Writing a Rarity: The Happy Love Story


By Yael Hedaya

Metropolitan Books, 464 pages, $28.00.

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In Yael Hedaya’s world, relationships don’t often work out. “Housebroken,” her first book translated into English (Metropolitan Books, 2001), was chockfull of disastrous interactions — a man and woman try to save their broken union by adopting a stray dog; a young woman copes with her parents’ divorce by entering a fleeting and even more destructive affair — and the collection’s cumulative effect was a dim forecast for the happy union. Hedaya, a former journalist and humor columnist for Yediot Aharonot, seemed to revel in her characters’ dysfunction.

So it’s quite a surprise to find her taking such an optimistic point of view in her new and rewarding novel, “Accidents.” As the title suggests, things happen by chance in this book: car wrecks, coincidental meetings, unfortunate sexual encounters. Accidents occur all over the place and form the backdrop to a halting love affair between two jaded Tel Aviv writers, both of whom struggle to reconcile the past while grudgingly accepting permission for a contented (or at least conjoined) future. Without dwelling too much on the been-there-done-that, Hedaya offers an utterly realistic and charming portrait of two individuals taking the leap.

Yonatan Luria is a self-hating 50-something widower “doing his best” to raise his pre-adolescent daughter, Dana. Two years after his wife’s death in an auto accident, Yonatan’s career is on the skids. Having produced a string of tepidly received books, he finds himself unable to deal with his writer’s block as he is with his daughter’s emotional angst.

Conversely, Shira Klein is a wildly successful author. Her first book was a surprise best seller, and even though she dumped her cloying boyfriend just prior to the novel’s chart-topping success, she’s still “driven by restlessness,” an overwhelming loneliness, and a sense that she’s the type to “give and lose in silence.” Shira, whose emotionally detached father is slowly dying, is as in need of a happy home as Yonatan. When the two meet at an impromptu dinner party arranged by a mutual friend, their connection is immediate, “like two children showing each other cards from the same collection and discovering they both have the same ones.”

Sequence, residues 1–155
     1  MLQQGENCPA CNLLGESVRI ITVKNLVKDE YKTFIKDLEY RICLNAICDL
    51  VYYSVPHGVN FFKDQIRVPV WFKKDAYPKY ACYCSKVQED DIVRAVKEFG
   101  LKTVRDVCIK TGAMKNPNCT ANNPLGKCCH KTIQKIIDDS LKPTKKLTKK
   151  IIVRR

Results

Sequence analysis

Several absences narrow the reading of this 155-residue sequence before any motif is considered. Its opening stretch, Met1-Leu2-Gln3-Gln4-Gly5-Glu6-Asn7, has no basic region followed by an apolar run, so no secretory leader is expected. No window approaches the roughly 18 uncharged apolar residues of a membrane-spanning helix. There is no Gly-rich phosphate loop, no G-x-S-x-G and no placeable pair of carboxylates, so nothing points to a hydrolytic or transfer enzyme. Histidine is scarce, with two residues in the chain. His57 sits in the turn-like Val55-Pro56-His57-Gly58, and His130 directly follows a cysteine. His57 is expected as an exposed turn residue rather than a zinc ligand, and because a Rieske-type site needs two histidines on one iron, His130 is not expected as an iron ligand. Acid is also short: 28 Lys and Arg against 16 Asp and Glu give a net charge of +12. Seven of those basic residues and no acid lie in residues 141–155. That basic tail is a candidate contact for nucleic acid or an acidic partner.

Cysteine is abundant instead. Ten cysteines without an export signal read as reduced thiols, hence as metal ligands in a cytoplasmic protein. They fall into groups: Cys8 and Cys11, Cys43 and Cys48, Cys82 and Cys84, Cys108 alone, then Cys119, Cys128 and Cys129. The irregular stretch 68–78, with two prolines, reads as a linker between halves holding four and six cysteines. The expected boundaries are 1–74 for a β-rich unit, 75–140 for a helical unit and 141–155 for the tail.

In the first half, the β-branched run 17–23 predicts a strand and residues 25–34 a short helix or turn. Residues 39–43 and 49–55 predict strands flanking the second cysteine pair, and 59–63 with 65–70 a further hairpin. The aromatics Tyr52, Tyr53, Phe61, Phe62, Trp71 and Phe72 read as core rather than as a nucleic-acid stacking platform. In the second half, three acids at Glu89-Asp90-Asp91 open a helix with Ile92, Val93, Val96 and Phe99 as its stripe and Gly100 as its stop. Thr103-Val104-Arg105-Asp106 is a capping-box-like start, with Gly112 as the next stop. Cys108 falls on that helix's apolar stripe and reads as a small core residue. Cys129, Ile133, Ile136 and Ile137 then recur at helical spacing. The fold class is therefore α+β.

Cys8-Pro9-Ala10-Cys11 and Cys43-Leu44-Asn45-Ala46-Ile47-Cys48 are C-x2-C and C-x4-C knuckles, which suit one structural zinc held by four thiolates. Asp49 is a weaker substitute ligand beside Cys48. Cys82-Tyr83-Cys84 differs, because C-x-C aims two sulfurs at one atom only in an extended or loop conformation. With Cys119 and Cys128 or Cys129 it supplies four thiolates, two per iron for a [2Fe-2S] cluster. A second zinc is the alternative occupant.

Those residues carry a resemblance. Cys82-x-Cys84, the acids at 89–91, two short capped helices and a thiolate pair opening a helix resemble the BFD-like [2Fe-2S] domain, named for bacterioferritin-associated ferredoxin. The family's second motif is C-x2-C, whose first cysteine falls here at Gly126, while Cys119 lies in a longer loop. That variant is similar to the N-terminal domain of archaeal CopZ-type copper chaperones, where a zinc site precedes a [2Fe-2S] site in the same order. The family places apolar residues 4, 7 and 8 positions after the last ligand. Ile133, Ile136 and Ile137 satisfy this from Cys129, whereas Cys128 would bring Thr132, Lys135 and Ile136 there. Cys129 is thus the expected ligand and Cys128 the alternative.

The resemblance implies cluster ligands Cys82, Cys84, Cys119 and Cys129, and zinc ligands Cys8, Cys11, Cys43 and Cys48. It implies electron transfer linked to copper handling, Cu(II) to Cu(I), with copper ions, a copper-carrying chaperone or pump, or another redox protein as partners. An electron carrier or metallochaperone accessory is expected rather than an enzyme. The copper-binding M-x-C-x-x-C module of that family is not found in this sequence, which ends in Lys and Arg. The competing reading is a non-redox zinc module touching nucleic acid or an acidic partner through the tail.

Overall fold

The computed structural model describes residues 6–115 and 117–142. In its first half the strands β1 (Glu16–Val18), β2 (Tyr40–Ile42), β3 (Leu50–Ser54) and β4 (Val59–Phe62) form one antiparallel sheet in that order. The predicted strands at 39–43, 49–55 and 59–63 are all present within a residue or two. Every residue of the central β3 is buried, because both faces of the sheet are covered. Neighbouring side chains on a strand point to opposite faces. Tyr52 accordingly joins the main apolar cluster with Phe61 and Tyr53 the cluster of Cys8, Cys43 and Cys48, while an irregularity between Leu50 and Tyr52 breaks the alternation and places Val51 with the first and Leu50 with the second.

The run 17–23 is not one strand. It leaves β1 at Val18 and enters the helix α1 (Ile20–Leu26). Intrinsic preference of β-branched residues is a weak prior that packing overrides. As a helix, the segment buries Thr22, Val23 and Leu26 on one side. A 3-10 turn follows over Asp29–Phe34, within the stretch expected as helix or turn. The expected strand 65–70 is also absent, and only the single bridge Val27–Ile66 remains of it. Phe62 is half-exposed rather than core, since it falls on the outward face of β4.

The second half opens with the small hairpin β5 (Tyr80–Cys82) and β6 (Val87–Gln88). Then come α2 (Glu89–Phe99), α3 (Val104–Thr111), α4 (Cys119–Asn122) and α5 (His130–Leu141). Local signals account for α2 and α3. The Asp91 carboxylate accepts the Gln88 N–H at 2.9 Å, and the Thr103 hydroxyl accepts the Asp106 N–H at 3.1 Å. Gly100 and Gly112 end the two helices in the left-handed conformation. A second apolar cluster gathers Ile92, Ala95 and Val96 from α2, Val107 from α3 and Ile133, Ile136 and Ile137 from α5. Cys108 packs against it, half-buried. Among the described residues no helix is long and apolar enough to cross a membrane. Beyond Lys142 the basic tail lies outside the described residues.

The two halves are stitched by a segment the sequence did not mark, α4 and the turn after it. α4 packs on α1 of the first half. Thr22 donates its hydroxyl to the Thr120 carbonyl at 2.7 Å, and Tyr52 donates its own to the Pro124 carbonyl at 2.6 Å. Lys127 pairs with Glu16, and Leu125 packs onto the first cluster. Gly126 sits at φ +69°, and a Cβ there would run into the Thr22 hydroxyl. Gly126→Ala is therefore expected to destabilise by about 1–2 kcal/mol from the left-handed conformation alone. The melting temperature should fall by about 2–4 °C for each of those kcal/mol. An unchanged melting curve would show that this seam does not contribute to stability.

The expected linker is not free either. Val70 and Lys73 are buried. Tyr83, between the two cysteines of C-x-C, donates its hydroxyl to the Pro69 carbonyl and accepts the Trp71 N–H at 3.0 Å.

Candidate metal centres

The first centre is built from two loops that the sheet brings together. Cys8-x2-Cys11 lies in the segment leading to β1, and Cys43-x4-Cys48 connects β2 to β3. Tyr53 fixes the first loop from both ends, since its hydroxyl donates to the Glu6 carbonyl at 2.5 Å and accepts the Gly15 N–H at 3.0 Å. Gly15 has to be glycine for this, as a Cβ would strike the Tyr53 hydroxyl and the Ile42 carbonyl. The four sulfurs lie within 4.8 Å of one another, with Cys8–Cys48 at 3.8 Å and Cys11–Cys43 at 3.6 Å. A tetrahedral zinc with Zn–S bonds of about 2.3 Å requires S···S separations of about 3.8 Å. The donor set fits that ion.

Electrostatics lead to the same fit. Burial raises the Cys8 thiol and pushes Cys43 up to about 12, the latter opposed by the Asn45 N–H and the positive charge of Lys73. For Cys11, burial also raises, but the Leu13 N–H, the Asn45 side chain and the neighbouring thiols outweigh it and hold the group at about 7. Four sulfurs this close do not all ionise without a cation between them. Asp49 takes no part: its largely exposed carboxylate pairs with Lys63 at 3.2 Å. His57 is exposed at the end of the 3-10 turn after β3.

Hedaya does an expert job of detailing these two self-conscious cynics’ early courtship, likening their behavior to that of awkward teens uncomfortable with their bodies, inexperienced — or at least rusty — at sex, and constantly caught in the vortex of inner-anxiety and over-analysis of each other’s behavior. Yonatan and Shira’s early fumbles are painful, cringe-inducingly honest, and are hands down the most engaging parts of the book.

Dana, as expected, is the third wheel in this budding romance. Her place in this lovers’ triangle is a bit more complex. Dana, the outsider, is a little too chubby, a little too tongue tied and a little too earnest to run with the in crowd at school; and whether she’s enamored of Shira or simply with the idea of having a complete family, she falls in love with her “in a crushing and desperate way.” As the relationship between these three develops, so, too, do their narratives intertwine. What begins as a group of individual stories, inner monologues revisiting the past and their ghosts therein — Yonatan’s ever-supportive wife, his bitter father; Shira’s disappointed mother; her overly attentive ex-boyfriend — soon becomes one tangled narrative, with each character finishing the other’s thoughts in a tentative show of unity, although in the end neither Hedaya nor the characters themselves are quite sure it’s for real.

Much in the same way that such books as Norman Rush’s “Mating” attempted to tell the arc from one end of the relationship to the other, “Accidents” paints a vivid picture of two time-tested adults. But whereas Rush’s book indulges in the ugly (and, at least for the reader, dramatically satisfying) denouement, Hedaya’s story gets caught somewhere in the middle, a stunted plotline that extols neither the mundane aspects of everyday life nor in the inevitable flaws percolating just under the surface. Instead, the narrative seems to veer off course, almost becoming bored with itself and the downright ease of its main characters’ coupling. Yonatan must turn to the inevitability of his failing career, and Shira must grapple with the impending death of her father. And while Hedaya has exceptionally keen skills of observation — the scene in which Yonatan and Shira first have sex is dead on in its mingling of fear, grief and desire — it’s almost as if she’s trying too hard to be upbeat, betraying herself and her darker self to make sure that everything for Yonatan and Shira works out.

In the end, Hedaya’s great accomplishment is that she never reduces the story to schmaltz. It’s a love story, yes, and a relatively happy one at that, but one that avoids the facile, heavy-handed pitfalls of many fictional marriages (both those with and without the formal paperwork). There are no parental disapprovals, no unwanted pregnancies, no old lovers lurking in the wings. For Yonatan and Shira (and Dana, too), there is only possibility, and ultimately that hope is the book’s greatest reward.

Jenifer Berman is a writer living in Brooklyn. Her work appears in Bookforum, BOMB Magazine and The New York Times Book Review.

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